Health Secretary participates in Diverse Data Initiative aimed at reducing health inequalities

The Rt Hon Sajid Javid MP, Secretary of State for Health and Social Care, has today provided a blood sample so that his genome can be sequenced, as part of Genomics England’s Diverse Data Initiative.

The Secretary of State chose to participate during a visit to Great Ormond Street Hospital and the sample will now be mapped by a sequencing lab at the Sanger Centre near Cambridge. His genome data will be de-identified and stored in the National Genomic Research Library, alongside participants of the 100,000 Genomes Project and the GenOMICC COVID-19 Study.

To date, studies of human genetics have often been based on volunteers of European ancestry, which has created a risk that the benefits of the genomic healthcare revolution are not relevant to all communities. For this reason, Genomics England have launched the ‘Diverse Data’ initiative which will work in collaboration with researchers and the NHS, with the ultimate aim to tackle this healthcare inequality and ensure the benefits of genomic healthcare can be applied to anyone, regardless of their ancestral, socioeconomic or geographic background.

By taking part in the initiative the Health Secretary is now part of a community of research participants whose de-identified data is securely stored by Genomics England alongside over 140,000 human genomes. This data is analysed by researchers with the aim of developing new therapies and treatments for cancer and rare disease patients.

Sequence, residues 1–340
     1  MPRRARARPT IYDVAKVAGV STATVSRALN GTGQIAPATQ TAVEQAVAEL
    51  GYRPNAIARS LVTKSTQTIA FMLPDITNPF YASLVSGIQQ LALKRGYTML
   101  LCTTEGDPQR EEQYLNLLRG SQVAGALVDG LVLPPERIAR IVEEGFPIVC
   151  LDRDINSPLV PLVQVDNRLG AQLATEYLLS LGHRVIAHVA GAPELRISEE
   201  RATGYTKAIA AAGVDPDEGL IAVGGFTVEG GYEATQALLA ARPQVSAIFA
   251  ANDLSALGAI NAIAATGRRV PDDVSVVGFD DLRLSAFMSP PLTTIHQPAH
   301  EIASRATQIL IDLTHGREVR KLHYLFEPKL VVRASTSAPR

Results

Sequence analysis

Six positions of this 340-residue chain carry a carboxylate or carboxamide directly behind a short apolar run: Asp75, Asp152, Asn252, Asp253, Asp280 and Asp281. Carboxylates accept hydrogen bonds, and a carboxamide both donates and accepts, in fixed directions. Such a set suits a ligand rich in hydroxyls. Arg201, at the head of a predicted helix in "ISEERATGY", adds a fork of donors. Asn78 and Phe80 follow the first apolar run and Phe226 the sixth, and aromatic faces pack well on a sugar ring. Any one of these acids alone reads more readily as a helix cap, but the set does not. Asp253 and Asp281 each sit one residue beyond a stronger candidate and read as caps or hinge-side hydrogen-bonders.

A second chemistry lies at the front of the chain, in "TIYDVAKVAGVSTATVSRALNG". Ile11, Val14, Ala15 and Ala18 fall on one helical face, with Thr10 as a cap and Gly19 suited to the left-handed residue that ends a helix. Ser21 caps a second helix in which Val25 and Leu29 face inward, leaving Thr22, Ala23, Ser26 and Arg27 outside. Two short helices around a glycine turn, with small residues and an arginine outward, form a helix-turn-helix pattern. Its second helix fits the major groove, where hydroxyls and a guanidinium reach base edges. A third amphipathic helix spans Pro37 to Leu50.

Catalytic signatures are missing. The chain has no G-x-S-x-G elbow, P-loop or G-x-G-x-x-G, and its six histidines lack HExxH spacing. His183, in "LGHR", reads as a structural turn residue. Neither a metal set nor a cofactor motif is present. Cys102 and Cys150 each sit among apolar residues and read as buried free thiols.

Genomics England is also helping to reduce health inequalities through analysing data from an increasingly diverse population, in partnership with communities across the UK to rapidly improve the representation of under-represented groups in genetic datasets and research.

Secretary of State Sajid Javid said:

I am extremely proud to be taking part in this study which is helping make sure that everyone, no matter their background, can benefit from our world-leading genomic research programmes.

Genomics England’s vital initiative will sequence the genomes of those who are under-represented in research data so that we can develop better treatments and transform healthcare for all.

Genomics England CEO Chris Wigley said:

Genomics has the potential to transform healthcare. The technology can provide new and faster diagnoses and enable the development of life-changing treatments for those with rare diseases, cancer and other conditions. However it has to work for all of us, and those who have non-European ancestry have been under-represented in research data and therefore risk not getting equal benefit as this comes into the mainstream of patient care. Through our Diverse Data Initiative we are making important progress in addressing that problem.

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